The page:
Today’s Nice Price or Crack Pipe Subaru talks the rally car talk, but doesn’t really seem to walk the rally car walk. Would that failing have you walking away from talking up its price?
Naomi Parker Fraley, the woman famously portrayed as “Rosie the Riveter,” passed away last month at the age of 96. Fraley wasn’t revealed as the iconic symbol of women in the workforce until just two years ago, but it’s nice that she received that recognition before she died.
The American can-do attitude, as portrayed by Ms. Fraley’s iconic alter ego, is of course legendary. Whether it was enlisting wartime women for jobs previously thought only appropriate for men, putting men on the moon (also undertaken with the indispensable work of women), or restoring yesterday’s pair of Saab Sonett III sports cars, we are definitely a nation of Americans and not Ameri-can’ts.
Not only were those Saabs seen as worth the endeavor, the package price of $2,400 was felt equally worthy, earning a solid 75-percent Nice Price win. Well, I guess that settles it, it’s time to roll up our sleeves and shout “We Can Do It!” Who’s with me? No? Okay, never mind.
Have you ever noticed that there’s a fine line between being a purveyor of a personality that’s eclectic and interesting and just plain being a weirdo? Yep, it’s kind of tomato/tomahto for a lot of people, and I’m fully aware that I’ve crossed over the line from time to time, as likely have we all.
I’m not quite sure which side of that line a driver of this 1984 Subaru GL10 would fall. You see, having a Subaru is generally considered to be a socially accepted symbol of idiosyncrasy. It’s odd without being off-putting, different but not dunning. This one however, has a little extra weirdness thrown in for good measure.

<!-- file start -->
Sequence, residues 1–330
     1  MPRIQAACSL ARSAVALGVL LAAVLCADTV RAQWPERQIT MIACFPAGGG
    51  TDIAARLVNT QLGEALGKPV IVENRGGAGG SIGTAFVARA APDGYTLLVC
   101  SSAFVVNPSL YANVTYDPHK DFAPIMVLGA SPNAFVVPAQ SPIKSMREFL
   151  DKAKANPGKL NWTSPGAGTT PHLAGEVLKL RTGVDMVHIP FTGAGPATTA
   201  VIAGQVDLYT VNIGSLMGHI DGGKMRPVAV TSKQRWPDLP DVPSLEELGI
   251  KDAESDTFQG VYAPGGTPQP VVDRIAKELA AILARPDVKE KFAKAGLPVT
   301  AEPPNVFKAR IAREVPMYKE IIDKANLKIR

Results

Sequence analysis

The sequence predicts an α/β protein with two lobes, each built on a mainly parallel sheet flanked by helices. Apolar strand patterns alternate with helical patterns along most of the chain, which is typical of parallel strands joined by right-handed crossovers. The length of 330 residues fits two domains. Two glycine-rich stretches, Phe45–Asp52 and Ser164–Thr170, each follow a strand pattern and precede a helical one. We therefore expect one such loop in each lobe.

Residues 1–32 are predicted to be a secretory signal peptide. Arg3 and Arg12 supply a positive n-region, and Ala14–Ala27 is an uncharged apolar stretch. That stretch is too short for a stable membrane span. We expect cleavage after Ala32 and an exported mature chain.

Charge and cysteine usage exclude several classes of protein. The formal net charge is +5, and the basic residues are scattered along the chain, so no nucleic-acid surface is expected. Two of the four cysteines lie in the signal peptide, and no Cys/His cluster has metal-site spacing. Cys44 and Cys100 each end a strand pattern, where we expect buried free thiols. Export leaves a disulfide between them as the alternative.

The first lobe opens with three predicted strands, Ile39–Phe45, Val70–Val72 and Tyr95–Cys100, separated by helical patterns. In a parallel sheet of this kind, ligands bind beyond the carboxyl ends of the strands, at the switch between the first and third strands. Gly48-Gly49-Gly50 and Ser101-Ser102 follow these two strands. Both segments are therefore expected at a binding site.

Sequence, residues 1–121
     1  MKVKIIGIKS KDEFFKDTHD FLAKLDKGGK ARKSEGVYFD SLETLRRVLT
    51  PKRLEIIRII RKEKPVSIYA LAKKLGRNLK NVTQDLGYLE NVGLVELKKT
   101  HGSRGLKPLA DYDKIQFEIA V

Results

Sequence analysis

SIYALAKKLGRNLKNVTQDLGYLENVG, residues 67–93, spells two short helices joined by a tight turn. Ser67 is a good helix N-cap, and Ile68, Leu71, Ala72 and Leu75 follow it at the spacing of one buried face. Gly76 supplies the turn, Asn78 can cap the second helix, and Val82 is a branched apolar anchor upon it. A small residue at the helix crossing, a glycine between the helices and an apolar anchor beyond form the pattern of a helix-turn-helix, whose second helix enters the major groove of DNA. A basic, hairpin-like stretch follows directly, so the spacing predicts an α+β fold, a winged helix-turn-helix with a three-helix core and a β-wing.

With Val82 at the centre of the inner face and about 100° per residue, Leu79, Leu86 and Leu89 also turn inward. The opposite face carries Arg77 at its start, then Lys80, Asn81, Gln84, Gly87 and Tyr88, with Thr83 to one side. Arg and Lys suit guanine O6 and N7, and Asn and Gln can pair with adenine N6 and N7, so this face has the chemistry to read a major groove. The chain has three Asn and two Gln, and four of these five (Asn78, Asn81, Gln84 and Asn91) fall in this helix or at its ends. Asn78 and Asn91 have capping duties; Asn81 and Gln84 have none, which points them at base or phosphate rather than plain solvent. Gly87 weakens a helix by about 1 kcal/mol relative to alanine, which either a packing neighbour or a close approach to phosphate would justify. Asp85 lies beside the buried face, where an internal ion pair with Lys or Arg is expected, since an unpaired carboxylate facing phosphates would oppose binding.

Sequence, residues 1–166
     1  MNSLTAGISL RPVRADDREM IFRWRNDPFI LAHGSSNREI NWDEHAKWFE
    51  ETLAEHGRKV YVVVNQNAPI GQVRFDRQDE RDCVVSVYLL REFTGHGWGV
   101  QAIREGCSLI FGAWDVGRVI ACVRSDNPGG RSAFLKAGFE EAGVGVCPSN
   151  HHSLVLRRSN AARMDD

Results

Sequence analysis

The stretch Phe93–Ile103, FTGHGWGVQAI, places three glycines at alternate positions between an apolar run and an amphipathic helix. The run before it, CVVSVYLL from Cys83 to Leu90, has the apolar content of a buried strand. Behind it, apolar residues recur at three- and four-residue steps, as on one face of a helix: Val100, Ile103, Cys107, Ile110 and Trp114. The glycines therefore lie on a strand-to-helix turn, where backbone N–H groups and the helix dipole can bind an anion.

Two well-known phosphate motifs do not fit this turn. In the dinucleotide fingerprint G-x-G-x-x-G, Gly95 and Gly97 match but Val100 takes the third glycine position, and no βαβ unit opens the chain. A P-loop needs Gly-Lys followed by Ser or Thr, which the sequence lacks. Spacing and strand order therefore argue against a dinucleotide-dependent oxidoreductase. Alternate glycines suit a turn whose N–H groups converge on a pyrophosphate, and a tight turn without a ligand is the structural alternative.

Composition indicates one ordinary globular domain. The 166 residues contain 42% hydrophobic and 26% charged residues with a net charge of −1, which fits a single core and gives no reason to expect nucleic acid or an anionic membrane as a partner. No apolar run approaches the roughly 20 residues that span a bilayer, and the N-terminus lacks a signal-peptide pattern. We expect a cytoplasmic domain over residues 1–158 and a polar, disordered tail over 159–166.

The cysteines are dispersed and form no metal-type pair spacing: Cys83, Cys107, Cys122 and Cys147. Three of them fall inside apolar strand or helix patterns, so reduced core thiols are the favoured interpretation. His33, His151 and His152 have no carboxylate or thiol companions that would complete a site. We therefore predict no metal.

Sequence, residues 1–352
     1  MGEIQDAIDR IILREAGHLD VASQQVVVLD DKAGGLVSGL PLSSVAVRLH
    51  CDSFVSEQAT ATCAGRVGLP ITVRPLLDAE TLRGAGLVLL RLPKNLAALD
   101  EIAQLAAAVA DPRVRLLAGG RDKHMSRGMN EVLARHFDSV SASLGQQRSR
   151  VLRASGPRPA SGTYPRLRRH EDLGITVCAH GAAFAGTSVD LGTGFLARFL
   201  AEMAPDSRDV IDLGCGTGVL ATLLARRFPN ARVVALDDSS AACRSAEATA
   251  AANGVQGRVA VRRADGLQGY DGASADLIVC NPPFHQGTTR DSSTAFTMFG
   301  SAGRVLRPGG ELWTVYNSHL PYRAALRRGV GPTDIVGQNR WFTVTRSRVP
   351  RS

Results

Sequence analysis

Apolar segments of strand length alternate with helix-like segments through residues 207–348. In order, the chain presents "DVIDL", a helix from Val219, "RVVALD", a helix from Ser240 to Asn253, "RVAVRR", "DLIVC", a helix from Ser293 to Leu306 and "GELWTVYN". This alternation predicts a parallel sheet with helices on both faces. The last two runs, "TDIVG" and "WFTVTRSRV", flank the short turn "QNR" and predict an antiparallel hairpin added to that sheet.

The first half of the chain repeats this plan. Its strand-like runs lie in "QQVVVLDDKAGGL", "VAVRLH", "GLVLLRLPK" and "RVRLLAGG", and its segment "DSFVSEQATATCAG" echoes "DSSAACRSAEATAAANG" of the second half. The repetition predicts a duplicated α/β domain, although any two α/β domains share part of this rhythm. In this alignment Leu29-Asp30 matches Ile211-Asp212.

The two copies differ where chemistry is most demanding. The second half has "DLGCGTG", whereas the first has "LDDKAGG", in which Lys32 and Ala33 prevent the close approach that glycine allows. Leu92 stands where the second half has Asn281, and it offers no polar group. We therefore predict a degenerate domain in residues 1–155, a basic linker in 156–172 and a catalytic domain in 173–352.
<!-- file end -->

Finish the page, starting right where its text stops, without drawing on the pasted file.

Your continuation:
Let’s start with the basic car. When you think of Subaru you may envision all-wheel drive and maybe even a wagon bodystyle. This GL10 has neither of those.
It is a somewhat funky coupe with frameless door glass and a small windowlet in the rear pillar that looks like a afterthought. The rest of the body is typical of Subaru in the early Eighties—a Japanese aesthetic that was slightly more clunky than its contemporaries.
This one builds on that with a set of accoutrements intended to evoke the look of Subaru’s rally ride of the time. Those include a bull bar up front, driving lights behind that, and even more lights with antiglare shields mounted to the fenders at the base of the windscreen. It’s all seemingly period correct, but you have to ask yourself, where did these pieces come from, and why were they applied to a mild-mannered FWD car and not to a more rally-appropriate turbocharged and AWD edition? Also, why does the seller note in the ad that the mudflaps are functional?
See? That’s weird.
The engine is a 1781-cc SOHC flat four that offered up a factory spec’d 73 horsepower in its U.S. guise. That’s backed up here by a five-speed stick and power gets set to the front wheels by way of equal-length halfshafts. As noted, the rear wheels are just along for the ride here. The mechanicals will move the car in a very un-rally like zero to sixty time of around 13 seconds, and the top speed is an equally old school 93 miles per hour.
Pop open a door here and you’re confronted with an interior that looks clean, but comes with upholstery that inarguably has too many dots. Geez, I need to sit down after looking at it because it’s making me dizzy. So many dots!
There’re electric windows in here and an analog instrument panel too as apparently the vastly more eclectic digital dash was fried in the great alternator exchange of ’08 or whenever. Add-on gauges are also included but we don’t get a pic to see just how ticky-tacky those are.
The bodywork—extant the lights—looks serviceable, as does the grey paint. Under the hood, the engine looks to be without issue, and hello, there’s the spare tire!
The car comes with under 90K on the clock. It’s also originally from California so there doesn’t seem to be any rust of any note. Still, considering its origin there may be guac, and perhaps even some tofu, so be forewarned. The issue of it being a California car, offered in Maryland, but rocking Wisconsin plates goes unexplained in the ad.
How much is this faux rally GL10? The asking price is $2,000, and of course you’d have to be an unique individual to drive such an eclectic car so keep that in mind too. What do you think, is this Subaru worth that $2,000 asking? Or, could you just not rally around it at that price?
H/T to Phil Jones for the hookup!
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